However, Swatch has a history of moving to block the name iWatch in the past, as per US government filings, and considering that the device is expected to be a watch like wearable, it's a reasonable concern for Swatch.
It is possible though that Apple and Swatch will reach a settlement, much like Apple has done in the past. In 2007, Apple settled with Cisco, which already had a Voice over IP phone called the iPhone. Similarly, in 2012, Apple had to pay $60 million to settle a dispute over the ownership of the iPad name and in 2013, the company was denied in a bid to register the iPhone trademark in Brazil.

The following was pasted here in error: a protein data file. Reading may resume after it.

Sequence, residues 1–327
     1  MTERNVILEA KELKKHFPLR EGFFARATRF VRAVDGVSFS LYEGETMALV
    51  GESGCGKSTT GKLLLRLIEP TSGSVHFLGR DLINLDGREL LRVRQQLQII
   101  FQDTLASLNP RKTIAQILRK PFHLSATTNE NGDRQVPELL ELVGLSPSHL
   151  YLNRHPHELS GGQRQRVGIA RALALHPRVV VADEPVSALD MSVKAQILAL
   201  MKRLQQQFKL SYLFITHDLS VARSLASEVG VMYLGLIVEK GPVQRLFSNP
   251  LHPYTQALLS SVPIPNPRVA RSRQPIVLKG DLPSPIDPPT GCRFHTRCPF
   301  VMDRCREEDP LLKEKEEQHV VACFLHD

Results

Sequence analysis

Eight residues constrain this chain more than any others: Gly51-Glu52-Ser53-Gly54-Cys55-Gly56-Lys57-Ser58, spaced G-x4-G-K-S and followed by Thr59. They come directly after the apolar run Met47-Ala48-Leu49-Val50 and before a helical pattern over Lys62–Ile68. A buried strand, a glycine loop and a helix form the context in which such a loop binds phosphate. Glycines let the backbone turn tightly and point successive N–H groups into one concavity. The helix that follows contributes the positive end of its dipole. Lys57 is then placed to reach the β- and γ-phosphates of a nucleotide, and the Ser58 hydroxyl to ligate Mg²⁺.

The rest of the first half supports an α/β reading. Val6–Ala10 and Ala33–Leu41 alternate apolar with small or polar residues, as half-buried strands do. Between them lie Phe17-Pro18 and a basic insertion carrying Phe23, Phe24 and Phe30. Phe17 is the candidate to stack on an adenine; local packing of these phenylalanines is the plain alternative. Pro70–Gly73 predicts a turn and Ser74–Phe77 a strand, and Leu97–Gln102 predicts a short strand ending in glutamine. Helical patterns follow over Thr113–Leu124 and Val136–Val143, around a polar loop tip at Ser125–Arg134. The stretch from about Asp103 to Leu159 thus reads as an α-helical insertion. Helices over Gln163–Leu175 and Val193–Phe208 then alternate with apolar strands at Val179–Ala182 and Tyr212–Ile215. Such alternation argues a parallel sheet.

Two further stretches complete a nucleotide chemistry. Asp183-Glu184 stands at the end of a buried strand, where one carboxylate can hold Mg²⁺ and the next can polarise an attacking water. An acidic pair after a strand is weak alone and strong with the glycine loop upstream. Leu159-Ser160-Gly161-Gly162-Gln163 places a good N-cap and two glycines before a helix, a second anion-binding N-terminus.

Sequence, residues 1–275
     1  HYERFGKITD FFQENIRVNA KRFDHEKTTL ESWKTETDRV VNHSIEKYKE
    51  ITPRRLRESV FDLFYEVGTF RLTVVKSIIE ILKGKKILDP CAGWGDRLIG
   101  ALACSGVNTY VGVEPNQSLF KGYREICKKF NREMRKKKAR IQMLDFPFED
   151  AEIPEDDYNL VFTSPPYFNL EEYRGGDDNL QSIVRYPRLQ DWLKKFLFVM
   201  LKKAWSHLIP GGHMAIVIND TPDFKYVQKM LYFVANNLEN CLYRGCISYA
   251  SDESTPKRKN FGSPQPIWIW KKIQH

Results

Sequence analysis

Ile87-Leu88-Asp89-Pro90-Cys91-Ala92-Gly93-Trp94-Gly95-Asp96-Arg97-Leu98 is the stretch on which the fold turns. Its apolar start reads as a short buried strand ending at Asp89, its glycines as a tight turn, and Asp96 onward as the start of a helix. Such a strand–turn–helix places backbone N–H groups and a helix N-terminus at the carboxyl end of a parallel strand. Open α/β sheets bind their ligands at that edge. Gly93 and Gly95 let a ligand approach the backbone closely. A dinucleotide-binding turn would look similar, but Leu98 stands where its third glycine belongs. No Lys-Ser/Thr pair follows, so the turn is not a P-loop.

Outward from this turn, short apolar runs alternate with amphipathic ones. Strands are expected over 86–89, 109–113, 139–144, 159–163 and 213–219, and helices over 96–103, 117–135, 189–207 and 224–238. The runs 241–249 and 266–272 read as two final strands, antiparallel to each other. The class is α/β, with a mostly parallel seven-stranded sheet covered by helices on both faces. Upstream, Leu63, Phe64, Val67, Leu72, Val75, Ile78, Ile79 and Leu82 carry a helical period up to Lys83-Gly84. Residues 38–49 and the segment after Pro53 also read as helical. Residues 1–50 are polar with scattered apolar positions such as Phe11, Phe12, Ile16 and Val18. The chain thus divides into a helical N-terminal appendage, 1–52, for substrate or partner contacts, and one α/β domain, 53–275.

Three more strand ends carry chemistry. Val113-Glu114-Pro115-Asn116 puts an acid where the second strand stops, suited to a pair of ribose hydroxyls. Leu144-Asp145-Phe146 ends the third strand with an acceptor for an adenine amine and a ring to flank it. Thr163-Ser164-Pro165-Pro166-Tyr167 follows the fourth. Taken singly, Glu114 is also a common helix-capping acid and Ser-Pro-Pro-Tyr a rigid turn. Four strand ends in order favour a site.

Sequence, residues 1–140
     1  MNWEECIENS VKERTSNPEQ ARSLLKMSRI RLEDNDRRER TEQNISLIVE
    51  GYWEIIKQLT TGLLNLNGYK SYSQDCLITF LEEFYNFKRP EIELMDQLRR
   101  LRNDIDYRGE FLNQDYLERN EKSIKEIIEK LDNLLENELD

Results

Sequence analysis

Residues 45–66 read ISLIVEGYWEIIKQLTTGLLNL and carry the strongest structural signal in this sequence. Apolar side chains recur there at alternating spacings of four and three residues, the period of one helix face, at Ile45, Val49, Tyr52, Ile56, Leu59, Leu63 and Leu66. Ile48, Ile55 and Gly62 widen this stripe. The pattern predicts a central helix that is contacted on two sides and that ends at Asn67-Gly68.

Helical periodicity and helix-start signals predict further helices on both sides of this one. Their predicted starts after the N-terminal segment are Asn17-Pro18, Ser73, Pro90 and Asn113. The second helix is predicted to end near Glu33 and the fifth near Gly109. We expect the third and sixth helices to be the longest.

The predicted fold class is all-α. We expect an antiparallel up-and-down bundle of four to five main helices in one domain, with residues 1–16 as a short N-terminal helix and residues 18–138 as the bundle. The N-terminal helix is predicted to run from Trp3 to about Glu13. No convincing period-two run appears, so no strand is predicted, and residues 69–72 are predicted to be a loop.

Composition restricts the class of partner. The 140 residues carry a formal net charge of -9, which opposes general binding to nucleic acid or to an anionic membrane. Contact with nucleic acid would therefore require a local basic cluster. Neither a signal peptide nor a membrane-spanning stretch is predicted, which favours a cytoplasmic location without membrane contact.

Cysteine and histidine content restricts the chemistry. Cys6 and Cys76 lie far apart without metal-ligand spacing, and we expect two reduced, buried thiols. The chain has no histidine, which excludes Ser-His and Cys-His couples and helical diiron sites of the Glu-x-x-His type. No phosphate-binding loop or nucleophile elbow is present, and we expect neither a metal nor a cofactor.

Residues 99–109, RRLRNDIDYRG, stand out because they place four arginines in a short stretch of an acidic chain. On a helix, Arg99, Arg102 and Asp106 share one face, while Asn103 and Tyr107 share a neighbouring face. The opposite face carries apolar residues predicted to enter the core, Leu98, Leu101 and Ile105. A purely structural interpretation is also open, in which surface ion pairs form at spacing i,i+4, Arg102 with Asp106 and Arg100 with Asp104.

For Apple, ever since the iMac, the "iDevice" naming scheme has come to be the expected norm, and people are likely to react better to the name iWatch than anything with a different naming scheme. Of course, the company has a lot of legal experience by now - with cases against everyone from Samsung to Motorola to the US government.
With competition on the smartwatch front steadily rising, Apple has to release their own smartwatch soon, and if they're going to call it the iWatch, then the company will need to respond to Swatch quickly, or risk giving too much ground to the competition.